PCT section A: Pioneer Mail to Warner Springs

Last week I completed the second half of the first section of the Pacific Crest Trail, through the Anza-Borrego Desert, which turned out to be a good little adventure. Pics and comments below for anyone who might wonder — what's it like to walk the PCT in SoCal just 50-100 miles north of the border? 

Let me start with a moment of mild drama…ran into this fellow hanging out in the trail:


Fortunately he was very mellow, and hardly seemed to notice as I skirted him and the trail to pass, (after trying to move him on with a couple of chucked rocks). 

After the picnic area known as Pioneer Mail, where (for logistical reasons) I had to leave the trail last year, and where I resumed this past week, the trail climbs a low ridge, then begins a long gentle descent towards the Anza-Borrego Desert. A walker begins to see a few cacti amidst the chaparral. 


After about fifteen or more miles of dryness, water can be found at what is known as Rodriguez Spur. Lots of hikers gathered there this past year, clustering within a few feet of the spring (captured in a concrete box). I camped a 100 feet down the way, behind a sheltering tree. Not a spectacular place, but the intersection of a jeep road and the cattle fence made for an interesting night pic.


My second day on the trail led me gently down, down, down towards the desert floor, with some impressive views and nice flowers (April is the season for desert flowers).


The desert isn't my fave ecotone, but this was an easy trail to like.


After an hour or two I reached the desert floor, and boy did it fit the profile. 


The trail crosses two highways in short order, 78 and 79, and beneath a bridge I found a half-dozen hikers hanging out in the shade, enjoying some grapes brought by Crash Test, who was resting a pinched nerve in her shoulder. Had a nice chat with a helpful fella known as Rock Ocean (more later on this trail saint, er, angel). 

No shortage of water at this cache — wish I had known. Wouldn't have schlepped 7 liters.


After crossing the highways, the trail heads up into the San Felipe Hills, the most desert-y and spectacular section of this sixty miles or so.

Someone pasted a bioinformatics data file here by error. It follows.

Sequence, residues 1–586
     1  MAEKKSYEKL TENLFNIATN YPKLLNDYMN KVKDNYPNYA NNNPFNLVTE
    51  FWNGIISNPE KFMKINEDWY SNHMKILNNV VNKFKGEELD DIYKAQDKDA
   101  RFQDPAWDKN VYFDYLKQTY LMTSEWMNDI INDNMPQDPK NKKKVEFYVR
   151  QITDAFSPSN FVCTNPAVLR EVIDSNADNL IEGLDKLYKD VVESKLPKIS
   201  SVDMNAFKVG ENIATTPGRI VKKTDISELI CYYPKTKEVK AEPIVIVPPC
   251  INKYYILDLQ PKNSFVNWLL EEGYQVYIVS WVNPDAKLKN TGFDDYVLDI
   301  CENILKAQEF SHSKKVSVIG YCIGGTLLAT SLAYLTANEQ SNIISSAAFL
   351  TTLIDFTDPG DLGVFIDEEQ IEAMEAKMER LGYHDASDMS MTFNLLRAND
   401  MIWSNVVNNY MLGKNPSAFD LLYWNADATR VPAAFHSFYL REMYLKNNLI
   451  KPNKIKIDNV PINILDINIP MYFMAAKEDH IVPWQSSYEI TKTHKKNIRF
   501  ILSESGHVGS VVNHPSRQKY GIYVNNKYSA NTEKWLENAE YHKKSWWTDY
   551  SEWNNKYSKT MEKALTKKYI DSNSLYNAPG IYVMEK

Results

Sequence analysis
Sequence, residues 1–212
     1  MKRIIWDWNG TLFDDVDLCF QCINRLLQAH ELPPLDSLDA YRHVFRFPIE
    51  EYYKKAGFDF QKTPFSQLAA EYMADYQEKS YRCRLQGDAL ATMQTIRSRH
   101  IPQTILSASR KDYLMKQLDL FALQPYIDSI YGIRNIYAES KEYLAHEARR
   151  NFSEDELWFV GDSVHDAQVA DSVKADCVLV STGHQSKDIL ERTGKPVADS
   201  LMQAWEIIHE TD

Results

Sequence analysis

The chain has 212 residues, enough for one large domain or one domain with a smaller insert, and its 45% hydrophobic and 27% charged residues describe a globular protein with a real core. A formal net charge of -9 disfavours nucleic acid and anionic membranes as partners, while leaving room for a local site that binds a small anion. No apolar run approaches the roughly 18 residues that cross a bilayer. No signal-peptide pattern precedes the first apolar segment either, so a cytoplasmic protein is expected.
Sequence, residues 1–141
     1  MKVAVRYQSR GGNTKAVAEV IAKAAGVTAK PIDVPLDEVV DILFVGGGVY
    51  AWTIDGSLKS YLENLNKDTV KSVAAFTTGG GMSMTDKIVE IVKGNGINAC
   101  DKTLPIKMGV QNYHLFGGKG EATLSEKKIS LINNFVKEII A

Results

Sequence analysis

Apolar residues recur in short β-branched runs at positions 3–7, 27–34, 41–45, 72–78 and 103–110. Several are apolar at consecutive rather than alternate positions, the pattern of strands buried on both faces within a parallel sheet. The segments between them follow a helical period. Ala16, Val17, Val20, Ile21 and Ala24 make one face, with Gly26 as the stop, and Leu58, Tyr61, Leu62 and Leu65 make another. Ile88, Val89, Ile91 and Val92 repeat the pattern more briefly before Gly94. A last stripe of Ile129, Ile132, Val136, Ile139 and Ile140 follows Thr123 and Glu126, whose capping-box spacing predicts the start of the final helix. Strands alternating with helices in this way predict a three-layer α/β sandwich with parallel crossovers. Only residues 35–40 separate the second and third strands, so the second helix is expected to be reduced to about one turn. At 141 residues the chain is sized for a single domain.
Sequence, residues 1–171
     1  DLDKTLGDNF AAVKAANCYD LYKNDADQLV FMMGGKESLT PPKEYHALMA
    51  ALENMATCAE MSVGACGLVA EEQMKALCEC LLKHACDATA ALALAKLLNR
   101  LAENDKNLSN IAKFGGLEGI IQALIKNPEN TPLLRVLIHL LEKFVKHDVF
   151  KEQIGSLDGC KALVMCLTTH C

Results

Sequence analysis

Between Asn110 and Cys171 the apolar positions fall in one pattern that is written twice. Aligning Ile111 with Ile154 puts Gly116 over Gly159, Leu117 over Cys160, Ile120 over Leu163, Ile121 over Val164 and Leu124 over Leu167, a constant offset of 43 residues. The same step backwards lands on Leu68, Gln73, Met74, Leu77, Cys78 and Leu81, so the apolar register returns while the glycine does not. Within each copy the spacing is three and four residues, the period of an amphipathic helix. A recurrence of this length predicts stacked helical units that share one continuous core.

Ran into some folks on horseback who told me that in a normal (non-drought) year, every step of this way at this time of year would be wildflowers. Plausible. Thought this was about cutest little barrel cacti I've ever seen. 


Amazingly, thunder was heard, rain came down — and lightning! But after camping hastily, of course the clouds dissipated, which made for some soft air and sweet views:


To make it to Warner Springs, the end of the section, and home with a day to recoup meant a 24-mile schlep, but off I set. At the 90-mile mark I encountered this sign — more aqua I didn't need to carry:


Ran into a group of folks supplying cases and cases of water for the official "kick-off" from Morena Lake on the 24th. They said they were laying in enough water for 500 hikers. Here's Jim Hawkins, a geologist at Scripps, doing his part. I thanked him a bunch. 


Trail wasn't the prettiest, but the views — wow.


Leaving the San Felipe Hills behind, the trail turned north, and the landscape softened.


Delighted to see this in the trail:



 And a gentler kind of floral beauty, w/o thorns:


Starting to feel pretty good in the grasslands before Warner Springs.


Maybe there were pioneers coming through here:

Here's Saunter, a through hiker from a few years back, heading south towards the kick-off at Morena Lake in about a week. 1-DSC00557

And here's humble but charming Warner Springs, where hikers have been congregating and even camping out in the parking lot, much to the surprise of the local Calfire crew. 




Published by Kit Stolz

I'm a freelance reporter and writer based in Ventura County.

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